Jetstar will take delivery of its first Boeing 787-8 in late September and a total of three 787s by the end of the year, Qantas Group CEO Alan Joyce has said.
Speaking on Monday at a ceremony at Boeing Aerostructures Australia’s Fishermen’s Bend, Melbourne plant to mark the construction of the first set of trailing edge devices for the first Jetstar 787, Joyce confirmed delivery of the aircraft had only been slightly delayed, despite the aircraft’s recent prolonged grounding.
The 787 will enter service by the end of the year following entry-into-service activities including training and route proving flights. The first route to be operated by the type in Jetstar service has yet to be confirmed, but Jetstar Group CEO Jayne Hrdlicka noted in a statement: “The Dreamliners will operate to destinations like Honolulu, Phuket and Tokyo which are currently serviced by our A330 aircraft”.
Joyce said the Qantas Group is spending more than $100 million on training facilities and maintenance infrastructure to support the aircraft’s service entry. Jetstar has a team of 20 personnel working on its 787 program, and to date 32 maintenance engineers and four pilots have been trained on the aircraft, with a further 13 pilots in training.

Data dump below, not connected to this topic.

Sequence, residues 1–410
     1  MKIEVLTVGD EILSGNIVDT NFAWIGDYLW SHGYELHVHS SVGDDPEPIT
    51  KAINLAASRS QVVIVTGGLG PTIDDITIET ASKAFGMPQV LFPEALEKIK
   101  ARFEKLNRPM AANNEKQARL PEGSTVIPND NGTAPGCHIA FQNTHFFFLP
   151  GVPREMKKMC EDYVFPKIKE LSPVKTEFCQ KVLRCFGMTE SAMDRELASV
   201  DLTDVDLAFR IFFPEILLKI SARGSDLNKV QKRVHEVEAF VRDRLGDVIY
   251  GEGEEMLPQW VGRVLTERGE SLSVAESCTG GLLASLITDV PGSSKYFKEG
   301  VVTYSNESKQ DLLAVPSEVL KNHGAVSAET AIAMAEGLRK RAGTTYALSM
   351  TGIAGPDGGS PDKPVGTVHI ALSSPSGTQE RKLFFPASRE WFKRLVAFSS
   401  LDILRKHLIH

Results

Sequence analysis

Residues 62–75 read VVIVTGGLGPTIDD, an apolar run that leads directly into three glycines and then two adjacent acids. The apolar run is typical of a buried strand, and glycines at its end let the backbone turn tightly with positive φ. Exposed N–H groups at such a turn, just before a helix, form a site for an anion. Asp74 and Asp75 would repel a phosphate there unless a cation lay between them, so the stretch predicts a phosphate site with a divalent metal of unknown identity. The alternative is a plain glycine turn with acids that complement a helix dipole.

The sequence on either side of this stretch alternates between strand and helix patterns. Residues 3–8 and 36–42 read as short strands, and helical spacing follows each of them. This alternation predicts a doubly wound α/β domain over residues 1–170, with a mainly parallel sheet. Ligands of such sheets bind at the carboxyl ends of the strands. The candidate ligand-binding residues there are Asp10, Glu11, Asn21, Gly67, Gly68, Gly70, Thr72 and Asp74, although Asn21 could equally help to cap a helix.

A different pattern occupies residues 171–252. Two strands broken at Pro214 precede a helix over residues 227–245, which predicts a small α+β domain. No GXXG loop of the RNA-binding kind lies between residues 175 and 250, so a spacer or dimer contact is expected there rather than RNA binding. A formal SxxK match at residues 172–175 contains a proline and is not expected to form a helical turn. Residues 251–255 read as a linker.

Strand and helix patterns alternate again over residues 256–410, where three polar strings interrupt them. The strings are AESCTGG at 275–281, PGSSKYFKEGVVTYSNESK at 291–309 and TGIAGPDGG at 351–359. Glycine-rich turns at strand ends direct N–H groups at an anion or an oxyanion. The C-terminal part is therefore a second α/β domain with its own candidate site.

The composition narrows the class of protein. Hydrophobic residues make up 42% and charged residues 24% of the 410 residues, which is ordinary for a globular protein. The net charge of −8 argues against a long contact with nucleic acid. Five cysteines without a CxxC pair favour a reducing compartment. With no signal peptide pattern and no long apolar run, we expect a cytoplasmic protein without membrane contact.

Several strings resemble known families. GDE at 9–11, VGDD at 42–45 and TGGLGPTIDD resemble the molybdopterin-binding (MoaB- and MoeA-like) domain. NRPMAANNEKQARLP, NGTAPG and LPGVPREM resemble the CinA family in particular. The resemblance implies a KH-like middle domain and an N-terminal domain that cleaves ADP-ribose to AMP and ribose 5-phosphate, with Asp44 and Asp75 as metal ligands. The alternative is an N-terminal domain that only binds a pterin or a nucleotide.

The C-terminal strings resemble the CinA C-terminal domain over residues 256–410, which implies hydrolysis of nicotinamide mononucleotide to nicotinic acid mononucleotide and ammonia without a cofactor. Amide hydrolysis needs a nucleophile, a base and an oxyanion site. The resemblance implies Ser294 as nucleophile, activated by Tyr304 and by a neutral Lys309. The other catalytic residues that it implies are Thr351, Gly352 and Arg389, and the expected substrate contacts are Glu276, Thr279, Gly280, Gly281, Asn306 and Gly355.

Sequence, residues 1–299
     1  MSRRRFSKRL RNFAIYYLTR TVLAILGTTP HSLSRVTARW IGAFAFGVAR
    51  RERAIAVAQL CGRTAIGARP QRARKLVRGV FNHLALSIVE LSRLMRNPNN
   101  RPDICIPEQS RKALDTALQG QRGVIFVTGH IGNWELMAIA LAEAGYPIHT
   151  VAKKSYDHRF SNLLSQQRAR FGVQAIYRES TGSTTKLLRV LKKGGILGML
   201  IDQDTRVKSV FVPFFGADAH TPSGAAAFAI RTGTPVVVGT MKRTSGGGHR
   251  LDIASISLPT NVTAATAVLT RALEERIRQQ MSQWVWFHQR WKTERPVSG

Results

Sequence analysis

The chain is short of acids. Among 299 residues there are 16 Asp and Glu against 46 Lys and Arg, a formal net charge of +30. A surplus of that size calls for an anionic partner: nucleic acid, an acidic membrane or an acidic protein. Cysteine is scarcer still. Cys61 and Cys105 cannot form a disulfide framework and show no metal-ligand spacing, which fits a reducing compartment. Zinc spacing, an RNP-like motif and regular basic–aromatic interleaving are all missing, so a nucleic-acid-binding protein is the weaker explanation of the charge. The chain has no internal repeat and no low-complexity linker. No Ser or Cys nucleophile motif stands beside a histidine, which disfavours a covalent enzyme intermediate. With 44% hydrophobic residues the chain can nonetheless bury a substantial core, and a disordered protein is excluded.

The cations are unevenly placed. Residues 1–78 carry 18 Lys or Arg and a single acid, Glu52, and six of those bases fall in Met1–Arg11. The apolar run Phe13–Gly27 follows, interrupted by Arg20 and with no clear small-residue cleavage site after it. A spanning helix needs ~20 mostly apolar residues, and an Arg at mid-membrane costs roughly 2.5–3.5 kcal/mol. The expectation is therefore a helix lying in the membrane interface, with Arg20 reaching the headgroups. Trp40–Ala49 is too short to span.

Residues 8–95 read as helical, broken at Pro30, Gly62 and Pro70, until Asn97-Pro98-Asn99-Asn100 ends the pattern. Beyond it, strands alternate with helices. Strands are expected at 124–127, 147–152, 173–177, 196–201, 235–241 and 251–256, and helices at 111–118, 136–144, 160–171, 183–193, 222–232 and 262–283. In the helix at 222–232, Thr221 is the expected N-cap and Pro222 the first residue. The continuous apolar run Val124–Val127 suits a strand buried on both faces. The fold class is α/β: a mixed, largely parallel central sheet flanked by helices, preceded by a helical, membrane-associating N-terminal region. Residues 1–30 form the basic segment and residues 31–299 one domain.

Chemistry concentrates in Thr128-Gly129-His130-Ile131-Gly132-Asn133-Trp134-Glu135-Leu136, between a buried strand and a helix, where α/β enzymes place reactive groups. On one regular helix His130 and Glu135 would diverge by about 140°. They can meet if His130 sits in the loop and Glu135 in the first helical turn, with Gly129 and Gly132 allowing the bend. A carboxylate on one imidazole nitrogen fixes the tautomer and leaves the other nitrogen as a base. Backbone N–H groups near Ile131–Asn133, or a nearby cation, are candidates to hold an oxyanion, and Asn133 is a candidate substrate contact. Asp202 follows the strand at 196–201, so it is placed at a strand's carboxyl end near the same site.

The Qantas Group holds firm orders for 14 787-8s which will be operated by Jetstar, and holds options and purchase rights on a further 50 787s. Boeing Aerostructures Australia is the sole source of production for the 787’s left and right hand inboard flaps, flaperons, outboard flaps and ailerons.
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